Professor at Universidad Austral’s School of Psychology
Something happened at the Centennial Cup America. Perhaps it was Messi’s photo as the accused party at a Spanish court. Or maybe it was his growing beard, or Maradona’s remarks on his lacking character and personality. Who knows –it might have also been the relentless criticism after the match against Brazil.
What we do know is that, after the latest continental tournament, we have seen a different Messi –angry and assertive in his public statements at times, and smiling and happy at other times. We even saw him make a mistake and miss a decisive penalty shot. We saw him leaving alone, crying sorrowfully, giving up and quitting.
Just like Romero, he became a hero in the semi-finals against the Netherlands. After the 2016 World Cup in the United States, Messi turned human for the world’s sports fans. Of course, because, for a moment, we were under the impression that Messi came from another planet. For a moment, we pretended that he just lived to execute a number of moves that were part of a perfect gear, that he could not miss, that he was unbeatable. We believed he didn’t smile, cry or even enjoy.
He has been often criticized for not showing up at tough times. And yesterday he showed up; he shone brightly –not only with his game, but also with his drive as a leader, his moral bearing, his power, his inner being. This vital enthusiasm –eustress– is a passion that emerges when a path has been found and is captured. It is infectious.
Last night’s win brought some peace of mind, some relief, and it helped relax a tense predicament. Thus, the team can once again focus on its recent accomplishments to boost its confidence, turning the pressure into a behavior driver and enabling squad members to reconnect with their innermost desire to play soccer –enjoying the game.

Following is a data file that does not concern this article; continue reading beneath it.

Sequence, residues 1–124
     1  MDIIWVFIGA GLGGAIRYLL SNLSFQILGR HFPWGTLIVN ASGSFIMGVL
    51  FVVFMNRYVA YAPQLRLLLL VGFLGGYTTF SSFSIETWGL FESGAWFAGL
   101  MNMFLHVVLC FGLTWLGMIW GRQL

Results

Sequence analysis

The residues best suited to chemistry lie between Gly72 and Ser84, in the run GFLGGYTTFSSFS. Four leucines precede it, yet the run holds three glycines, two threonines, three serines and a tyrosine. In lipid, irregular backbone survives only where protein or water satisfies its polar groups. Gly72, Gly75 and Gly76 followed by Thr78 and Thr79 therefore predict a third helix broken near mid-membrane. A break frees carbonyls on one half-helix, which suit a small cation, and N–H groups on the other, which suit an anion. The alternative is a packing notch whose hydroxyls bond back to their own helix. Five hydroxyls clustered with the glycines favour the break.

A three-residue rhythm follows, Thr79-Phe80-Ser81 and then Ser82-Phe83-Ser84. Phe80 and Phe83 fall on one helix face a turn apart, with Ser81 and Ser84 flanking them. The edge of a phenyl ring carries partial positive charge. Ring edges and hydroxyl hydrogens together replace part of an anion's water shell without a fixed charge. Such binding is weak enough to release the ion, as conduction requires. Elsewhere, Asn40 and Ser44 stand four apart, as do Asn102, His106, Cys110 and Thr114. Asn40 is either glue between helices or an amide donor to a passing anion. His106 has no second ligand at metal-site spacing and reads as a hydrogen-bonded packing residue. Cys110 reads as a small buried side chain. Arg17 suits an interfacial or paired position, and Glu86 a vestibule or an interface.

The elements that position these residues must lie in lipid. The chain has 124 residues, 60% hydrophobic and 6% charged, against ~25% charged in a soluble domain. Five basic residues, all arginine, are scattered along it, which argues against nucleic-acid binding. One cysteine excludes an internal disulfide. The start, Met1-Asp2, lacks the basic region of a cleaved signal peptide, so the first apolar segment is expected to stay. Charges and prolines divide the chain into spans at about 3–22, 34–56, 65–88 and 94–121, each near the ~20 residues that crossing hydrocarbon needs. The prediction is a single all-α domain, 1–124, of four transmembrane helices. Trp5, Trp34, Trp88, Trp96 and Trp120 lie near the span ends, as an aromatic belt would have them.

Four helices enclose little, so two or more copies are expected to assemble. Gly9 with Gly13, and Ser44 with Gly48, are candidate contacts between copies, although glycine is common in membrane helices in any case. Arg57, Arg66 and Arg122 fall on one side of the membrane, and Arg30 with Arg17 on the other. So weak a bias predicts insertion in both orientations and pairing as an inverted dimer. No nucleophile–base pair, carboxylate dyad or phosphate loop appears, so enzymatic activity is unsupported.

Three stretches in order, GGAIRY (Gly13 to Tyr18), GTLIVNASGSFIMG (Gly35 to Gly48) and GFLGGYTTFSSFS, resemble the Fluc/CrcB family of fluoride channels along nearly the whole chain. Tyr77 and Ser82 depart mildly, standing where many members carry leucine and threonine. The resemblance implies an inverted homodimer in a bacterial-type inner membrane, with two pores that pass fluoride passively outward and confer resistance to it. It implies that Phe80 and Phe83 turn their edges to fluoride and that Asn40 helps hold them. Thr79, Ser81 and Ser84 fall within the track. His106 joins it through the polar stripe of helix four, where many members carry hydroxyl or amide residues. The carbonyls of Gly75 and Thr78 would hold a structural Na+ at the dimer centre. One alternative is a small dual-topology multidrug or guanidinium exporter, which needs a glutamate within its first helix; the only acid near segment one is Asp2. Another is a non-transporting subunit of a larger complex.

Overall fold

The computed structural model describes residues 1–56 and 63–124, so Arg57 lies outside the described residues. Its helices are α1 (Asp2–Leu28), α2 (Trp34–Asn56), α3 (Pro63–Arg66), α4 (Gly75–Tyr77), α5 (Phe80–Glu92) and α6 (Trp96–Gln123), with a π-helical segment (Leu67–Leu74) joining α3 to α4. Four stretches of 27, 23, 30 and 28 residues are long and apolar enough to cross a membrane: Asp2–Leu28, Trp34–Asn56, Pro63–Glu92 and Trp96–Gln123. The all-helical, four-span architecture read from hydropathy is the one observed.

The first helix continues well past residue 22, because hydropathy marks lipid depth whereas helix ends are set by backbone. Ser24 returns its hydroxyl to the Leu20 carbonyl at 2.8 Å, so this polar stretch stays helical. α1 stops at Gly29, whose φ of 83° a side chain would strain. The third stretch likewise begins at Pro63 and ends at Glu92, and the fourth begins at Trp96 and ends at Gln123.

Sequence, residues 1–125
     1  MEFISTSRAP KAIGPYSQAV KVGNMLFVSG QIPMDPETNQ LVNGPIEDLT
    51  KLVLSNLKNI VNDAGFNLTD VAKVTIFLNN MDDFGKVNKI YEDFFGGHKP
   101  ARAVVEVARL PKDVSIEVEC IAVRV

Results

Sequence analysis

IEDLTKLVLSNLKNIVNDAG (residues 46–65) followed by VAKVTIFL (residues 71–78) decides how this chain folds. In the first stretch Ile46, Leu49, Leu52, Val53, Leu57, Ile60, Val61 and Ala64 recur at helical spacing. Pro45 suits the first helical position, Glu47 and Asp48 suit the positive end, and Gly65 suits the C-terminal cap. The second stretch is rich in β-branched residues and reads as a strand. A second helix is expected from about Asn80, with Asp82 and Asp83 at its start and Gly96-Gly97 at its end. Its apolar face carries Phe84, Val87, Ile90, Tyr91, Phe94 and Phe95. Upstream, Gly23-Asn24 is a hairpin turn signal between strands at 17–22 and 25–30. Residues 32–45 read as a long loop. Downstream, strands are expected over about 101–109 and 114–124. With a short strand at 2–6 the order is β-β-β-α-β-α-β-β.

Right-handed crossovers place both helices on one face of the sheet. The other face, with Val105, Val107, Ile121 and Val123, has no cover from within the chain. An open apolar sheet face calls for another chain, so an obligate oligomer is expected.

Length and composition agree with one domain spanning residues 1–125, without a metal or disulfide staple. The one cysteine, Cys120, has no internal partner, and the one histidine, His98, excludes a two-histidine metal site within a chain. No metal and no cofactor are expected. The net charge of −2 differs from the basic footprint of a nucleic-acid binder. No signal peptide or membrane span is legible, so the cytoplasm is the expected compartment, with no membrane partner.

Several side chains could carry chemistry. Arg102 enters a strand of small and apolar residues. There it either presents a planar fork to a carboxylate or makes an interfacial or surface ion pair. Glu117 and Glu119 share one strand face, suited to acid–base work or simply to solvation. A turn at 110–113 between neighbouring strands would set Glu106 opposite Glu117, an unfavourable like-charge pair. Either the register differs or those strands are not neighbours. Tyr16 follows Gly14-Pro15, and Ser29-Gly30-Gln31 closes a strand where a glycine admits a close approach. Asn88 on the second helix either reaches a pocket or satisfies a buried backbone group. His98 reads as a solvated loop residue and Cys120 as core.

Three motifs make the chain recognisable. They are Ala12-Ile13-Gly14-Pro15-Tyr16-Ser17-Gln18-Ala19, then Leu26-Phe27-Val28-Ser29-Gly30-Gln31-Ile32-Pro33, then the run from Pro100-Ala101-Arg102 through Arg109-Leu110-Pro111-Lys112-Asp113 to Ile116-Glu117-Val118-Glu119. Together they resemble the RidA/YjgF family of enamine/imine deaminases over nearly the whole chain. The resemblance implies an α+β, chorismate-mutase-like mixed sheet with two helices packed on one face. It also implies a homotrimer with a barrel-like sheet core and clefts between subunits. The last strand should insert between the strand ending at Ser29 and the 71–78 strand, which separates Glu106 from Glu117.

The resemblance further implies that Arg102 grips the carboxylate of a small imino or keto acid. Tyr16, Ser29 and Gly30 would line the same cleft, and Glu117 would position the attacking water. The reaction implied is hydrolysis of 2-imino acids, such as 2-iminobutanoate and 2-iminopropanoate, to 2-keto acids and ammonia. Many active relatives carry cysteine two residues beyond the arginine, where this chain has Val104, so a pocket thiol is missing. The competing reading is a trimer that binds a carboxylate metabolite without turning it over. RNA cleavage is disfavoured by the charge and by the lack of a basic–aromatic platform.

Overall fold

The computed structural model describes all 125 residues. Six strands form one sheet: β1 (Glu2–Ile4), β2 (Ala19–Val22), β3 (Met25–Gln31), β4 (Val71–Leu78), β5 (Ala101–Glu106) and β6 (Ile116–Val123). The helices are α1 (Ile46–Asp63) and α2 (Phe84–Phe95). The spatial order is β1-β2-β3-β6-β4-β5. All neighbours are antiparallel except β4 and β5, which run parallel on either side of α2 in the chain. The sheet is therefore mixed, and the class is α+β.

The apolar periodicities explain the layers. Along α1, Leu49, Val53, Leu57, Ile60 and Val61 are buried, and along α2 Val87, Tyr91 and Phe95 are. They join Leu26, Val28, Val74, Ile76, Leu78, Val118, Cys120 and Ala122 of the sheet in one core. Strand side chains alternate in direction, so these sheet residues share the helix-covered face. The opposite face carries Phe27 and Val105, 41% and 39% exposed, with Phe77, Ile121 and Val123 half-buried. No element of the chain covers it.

Much has been said about the relevance of this match against Colombia’s national team. These past few days, we have heard several arguments on playing schemes, game strategies, players’ lists, etc.
However, was it really such a decisive match? Was the national squad “playing a life or death” game? Similarly, has this victory appeased the general public’s qualms? Does it solve the institutional crisis besieging Argentina’s team? Finally, why should success be measured by results?
Lacking a project, a goal to work for, people are bound to tangible performances or the emergence of a genius who magically fixes all their problems. Messi is a wizard without magic. Thus, faced with an unfavorable situation, there is no matrix to provide support, and despair sets in. All the pressure befalls the genius/savior, and he is asked for more than he can deliver.